Finished dressing.
As I chopped, it continued to snow.
Cut each little tomato in half.
Use the long, thin-skinned type of cucumber.
Radishes are so beautiful!
We’re almost there!
I used two of these green onions–they were pretty large.

Just a side note: Be sure to use kosher salt, not sea salt. Sea salt, on the left, is coarser.
Ready to assemble all ingredients!
Almost forgot the chopped pickled onions!
Toss your ingredients together thoroughly.


Yes, this salad involves a lot of chopping and tossing, but I served it along with some sliced ham, baked on Saturday (got the ham at Aldi–it was $8.40 and there was a $5 off coupon. The whole ham cost $3.40. Doesn’t get any better.), along with a Swedish Rye crisp bread and some butter.

I enjoyed making this salad–it was delicious, with the sweetness of the cherry tomatoes, the crispness of the cucumber, and the sour cream dressing pulling it all together. I slowed down and especially enjoyed smelling the fresh dill. And, “Kachka,” is a wonderful cookbook, with lots of inspirational recipes. I definitely recommend it. A nice way to spend a snowy morning!

There haven’t been many birds out lately–there has been a hawk (Mr. Fluffy) patrolling the neighborhood, and it’s been very cold. But for a few minutes yesterday, some house finches appeared, and they stopped at the feeder, and had a bit of a kerfuffle. It was fun to see them. Peace to you. Fran


Jalapeño-Cheddar Corn Muffins

I’m deep in a muffin mode, and having really enjoyed last week’s Fresh Strawberry Muffins from Muffins A to Z by Marie Simmons, decided to try her Jalapeño- Cheddar Corn Muffins.

So on Saturday morning I started some Green Split Pea Soup in the crockpot, baked the muffins in the afternoon, and it was such a good meal for a cold day in January, along with a glass of merlot, and some fresh strawberries and a square of milk chocolate for dessert.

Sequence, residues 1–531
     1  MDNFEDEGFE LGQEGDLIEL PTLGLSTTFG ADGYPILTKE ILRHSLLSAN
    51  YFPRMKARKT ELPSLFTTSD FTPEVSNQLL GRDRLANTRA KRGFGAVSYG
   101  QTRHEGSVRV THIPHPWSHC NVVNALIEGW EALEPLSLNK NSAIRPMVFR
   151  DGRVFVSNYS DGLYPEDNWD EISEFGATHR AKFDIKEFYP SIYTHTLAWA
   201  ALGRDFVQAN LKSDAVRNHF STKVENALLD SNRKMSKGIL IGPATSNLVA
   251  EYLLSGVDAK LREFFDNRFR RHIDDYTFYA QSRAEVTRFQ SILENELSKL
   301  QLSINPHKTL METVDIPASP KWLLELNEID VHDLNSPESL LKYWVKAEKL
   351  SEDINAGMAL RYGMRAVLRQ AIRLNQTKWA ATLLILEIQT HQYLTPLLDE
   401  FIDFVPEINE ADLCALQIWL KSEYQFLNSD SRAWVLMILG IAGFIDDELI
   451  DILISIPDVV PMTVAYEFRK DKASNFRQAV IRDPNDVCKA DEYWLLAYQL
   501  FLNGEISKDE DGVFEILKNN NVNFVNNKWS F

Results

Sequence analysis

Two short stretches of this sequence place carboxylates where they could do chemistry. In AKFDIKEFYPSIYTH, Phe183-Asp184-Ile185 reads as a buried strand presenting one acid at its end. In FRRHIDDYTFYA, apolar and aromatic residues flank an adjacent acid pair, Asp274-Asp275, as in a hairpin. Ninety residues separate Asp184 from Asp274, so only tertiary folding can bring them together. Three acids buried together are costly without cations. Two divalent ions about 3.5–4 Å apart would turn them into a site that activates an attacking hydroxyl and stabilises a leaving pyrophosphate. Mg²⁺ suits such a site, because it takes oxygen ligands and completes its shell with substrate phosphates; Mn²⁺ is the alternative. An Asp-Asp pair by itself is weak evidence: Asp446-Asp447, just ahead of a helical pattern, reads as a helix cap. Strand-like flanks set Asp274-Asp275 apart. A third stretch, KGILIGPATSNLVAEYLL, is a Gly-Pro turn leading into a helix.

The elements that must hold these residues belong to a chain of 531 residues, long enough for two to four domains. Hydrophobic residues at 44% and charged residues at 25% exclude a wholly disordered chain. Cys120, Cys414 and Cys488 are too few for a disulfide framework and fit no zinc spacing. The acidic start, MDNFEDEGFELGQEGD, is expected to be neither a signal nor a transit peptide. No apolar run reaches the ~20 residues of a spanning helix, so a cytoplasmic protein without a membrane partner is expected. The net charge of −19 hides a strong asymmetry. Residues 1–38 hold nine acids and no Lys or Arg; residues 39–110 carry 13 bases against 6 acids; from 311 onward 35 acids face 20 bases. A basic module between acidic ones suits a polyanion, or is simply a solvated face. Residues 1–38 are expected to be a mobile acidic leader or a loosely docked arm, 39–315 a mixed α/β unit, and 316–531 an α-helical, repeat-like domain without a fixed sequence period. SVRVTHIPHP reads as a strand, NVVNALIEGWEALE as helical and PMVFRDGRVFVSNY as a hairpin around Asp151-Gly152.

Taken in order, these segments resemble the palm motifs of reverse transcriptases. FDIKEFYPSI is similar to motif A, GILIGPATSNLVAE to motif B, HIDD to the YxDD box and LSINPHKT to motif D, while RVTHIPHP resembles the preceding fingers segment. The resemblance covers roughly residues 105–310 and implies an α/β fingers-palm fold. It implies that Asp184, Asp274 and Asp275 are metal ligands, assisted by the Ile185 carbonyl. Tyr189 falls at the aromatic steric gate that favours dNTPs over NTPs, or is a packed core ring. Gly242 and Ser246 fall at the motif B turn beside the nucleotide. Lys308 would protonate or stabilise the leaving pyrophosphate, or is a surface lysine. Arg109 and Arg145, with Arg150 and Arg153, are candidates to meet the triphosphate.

Don’t be afraid of the hotness of jalapeños. Compared to some hot peppers, they are only moderately hot, and you can control the heat by removing the seeds and pith. The one tablespoon of chopped pepper called for in this recipe yields a pretty mild muffin, in my opinion.

At any rate, when these muffins are baking the smell of toasted cheese fills the air along with the green note of the jalapeño, banishing the chill of winter.  And as you can see, they rise high, light, and golden. Yum.

Jalapeño-Cheddar Corn Muffiins

1/2 cup (1 stick) butter
1 tablespoon seeded, finely chopped fresh jalapeño pepper
1-3/4  cups flour
1 cup yellow cornmeal
2 teaspoons baking powder
1/2 teaspoon baking soda
1/2 teaspoon salt
1 cup canned creamed corn (8.5 oz. can)
1 cup buttermilk
1 egg
dash of Tabasco
1-1/2 cups shredded sharp Cheddar cheese

Preheat the oven to 400 degrees, and place cupcake liners in a 12-mold cupcake pan. Melt the butter in a small pan; turn off the heat, and stir in the chopped jalapeños to soften.